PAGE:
For Holly Maniatty of Portland, Maine, actions certainly do speak louder than words, as thousands of concert-goers use her skill as a certified American sign language interpreter to follow along to the lyrics of headlining artists such as Phish, Wu-Tang Clan and Bruce Springsteen.
“I’ve always been a little bit faster of a signer,” Maniatty, 32, told GoodMorningAmerica.com, of her ability to keep up with fast-paced freestyle rap artists or jam bands like Phish, which tend to digress from their usual lyrics.
“Interpretation comes quickly and easily to me,” she said. “I have a knack for processing language quickly.”
Maniatty has been an interpreter for 13 years, with a certificate of interpretation, a certificate of transliteration and a national interpreter certification – master level, but she just recently gained national attention when a video of her signing along to a Wu-Tang Clan performance at this year’s Bonnaroo music festival went viral. It has had more than 43,000 YouTube views since it was originally posted on June 22.
“It took about 50 hours of prep work for the Wu-Tang show,” said Maniatty, who tries to embody the artists in her movements. “In general, interpreters have niche areas that they are better at. Some are much better at legal, or medical, but performance interpreting just happens to be my niche. It’s something I really enjoy. I spent a lot of time developing my style and skill.”
In order to prep for each show and the vastly different performance styles of each artist, a lot of research is involved.
“Where they grew up, where they were born, what their background is, what political affiliations they have publicly – that’s important because it usually bleeds into their music,” Maniatty said. “I do research on each song. Wu-Tang spans about 15 years, so the period in time when they wrote a song is crucial to the interpretation.”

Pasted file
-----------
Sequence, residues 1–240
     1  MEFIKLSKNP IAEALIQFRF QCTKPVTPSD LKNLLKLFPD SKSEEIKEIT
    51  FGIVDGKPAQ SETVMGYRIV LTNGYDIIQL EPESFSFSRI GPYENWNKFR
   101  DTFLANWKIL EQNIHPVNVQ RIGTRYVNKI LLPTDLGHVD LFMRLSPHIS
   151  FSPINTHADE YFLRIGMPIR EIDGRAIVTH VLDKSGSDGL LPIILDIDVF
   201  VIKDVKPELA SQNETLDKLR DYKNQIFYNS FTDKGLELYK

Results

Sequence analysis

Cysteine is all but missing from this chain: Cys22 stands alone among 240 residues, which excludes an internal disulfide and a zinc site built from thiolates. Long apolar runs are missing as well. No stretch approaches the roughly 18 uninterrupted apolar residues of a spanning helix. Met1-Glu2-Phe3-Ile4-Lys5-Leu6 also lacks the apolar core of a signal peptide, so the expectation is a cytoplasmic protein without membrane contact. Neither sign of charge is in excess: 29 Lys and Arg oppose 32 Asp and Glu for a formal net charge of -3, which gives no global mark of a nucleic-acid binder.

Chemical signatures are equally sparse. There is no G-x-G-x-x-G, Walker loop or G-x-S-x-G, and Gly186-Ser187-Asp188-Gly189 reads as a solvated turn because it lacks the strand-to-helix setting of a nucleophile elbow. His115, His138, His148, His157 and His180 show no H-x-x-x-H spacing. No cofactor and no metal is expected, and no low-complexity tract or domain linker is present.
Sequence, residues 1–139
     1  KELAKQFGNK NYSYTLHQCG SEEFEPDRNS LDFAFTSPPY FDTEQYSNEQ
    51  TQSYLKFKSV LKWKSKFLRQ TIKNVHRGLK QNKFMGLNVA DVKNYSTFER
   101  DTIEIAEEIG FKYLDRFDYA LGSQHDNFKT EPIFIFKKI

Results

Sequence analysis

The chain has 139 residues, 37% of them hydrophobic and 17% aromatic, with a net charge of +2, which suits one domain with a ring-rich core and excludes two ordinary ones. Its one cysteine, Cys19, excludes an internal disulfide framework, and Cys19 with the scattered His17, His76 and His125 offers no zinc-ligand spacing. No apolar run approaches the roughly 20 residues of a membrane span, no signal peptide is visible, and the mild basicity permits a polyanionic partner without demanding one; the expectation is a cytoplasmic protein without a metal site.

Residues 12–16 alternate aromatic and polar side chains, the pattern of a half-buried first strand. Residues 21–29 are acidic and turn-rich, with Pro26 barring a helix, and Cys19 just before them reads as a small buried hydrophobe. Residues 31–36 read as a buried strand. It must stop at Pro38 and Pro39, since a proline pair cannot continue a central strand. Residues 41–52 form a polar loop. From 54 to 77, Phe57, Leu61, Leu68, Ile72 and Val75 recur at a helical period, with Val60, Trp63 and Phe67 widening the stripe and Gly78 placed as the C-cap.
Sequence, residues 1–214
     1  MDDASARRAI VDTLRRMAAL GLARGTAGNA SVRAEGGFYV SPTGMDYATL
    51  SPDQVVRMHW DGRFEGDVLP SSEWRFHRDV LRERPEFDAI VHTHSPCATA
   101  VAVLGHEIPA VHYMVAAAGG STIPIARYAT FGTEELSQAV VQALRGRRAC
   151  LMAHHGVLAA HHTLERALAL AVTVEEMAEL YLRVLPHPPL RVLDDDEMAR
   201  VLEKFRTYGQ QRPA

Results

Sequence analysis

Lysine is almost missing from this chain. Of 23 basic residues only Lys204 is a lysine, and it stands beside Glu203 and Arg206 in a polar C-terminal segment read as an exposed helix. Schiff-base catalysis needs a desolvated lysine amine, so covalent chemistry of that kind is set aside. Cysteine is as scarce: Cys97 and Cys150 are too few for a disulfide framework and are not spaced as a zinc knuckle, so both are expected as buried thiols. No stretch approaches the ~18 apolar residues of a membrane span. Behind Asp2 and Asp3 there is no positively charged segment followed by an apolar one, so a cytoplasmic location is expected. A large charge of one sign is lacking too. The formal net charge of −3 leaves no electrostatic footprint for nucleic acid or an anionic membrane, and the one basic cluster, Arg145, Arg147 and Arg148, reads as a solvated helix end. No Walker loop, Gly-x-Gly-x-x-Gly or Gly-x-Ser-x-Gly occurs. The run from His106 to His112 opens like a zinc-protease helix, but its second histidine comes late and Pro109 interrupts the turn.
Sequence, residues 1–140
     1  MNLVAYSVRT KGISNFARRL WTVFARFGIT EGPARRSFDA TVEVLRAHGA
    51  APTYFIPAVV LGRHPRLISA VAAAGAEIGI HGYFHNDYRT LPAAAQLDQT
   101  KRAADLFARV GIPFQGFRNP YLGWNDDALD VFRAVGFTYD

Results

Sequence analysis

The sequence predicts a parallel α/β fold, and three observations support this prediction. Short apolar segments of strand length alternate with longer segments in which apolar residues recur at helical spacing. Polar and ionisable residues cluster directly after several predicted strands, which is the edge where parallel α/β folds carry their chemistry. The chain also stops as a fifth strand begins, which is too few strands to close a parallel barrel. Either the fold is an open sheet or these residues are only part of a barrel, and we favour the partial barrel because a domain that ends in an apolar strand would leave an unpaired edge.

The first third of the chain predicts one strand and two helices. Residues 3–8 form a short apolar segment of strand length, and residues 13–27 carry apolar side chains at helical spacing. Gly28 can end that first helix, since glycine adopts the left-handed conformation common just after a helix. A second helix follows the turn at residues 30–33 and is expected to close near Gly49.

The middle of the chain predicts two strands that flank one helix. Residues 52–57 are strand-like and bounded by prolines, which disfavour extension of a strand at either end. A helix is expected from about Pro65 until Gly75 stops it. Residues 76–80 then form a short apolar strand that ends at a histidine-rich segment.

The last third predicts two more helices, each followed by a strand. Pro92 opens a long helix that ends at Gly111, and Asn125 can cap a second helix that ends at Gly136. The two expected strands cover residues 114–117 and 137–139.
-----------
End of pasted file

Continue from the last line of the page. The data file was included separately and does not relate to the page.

She also watches as many taped performances of the artists as she can to see exactly how they move and communicate, in order to convey their meaning with her body.
“We’re being the performer as much as possible in the interpretation, so it’s as authentic as possible,” she said. “[I reflect] however they move their body or gesticulate. I would never really be part of the Wu-Tang Clan, but as much as I was able to strategically move my body with the beat and hunch over like Method Man does, it’s so much more visually accessible to people.”
Her latest major performance was signing on stage with Phish July 26-27 at the Gorge Amphitheatre in George, Wash. This was Maniatty’s 10th show with the band over the past four or five years.
“With Phish, they are their own culture,” she said. “They tend to do a lot of improvising on the stage and they’ll turn the words around. It’s a storytelling challenge rather than a speed challenge like rap. It’s a relaxed show vibe and a lot of people are excited to see the interpreter.”
Now that word has spread about Maniatty and her interpreting services that are offered at headlining venues and shows, larger deaf audiences have started coming out to enjoy the concerts. Some of them didn’t even know signers were an option in the past.
“I’m just really excited the word’s going to get out there,” she said.
As far as her commitment to her line of work, the challenge each show presents is what Maniatty enjoys most.
“I realized what a huge challenge it is and I love a good challenge,” she said. “I strive to look at each artist and musician as their own person. It’s their life’s work. I feel a strong commitment to render that in ASL as authentically as possible.”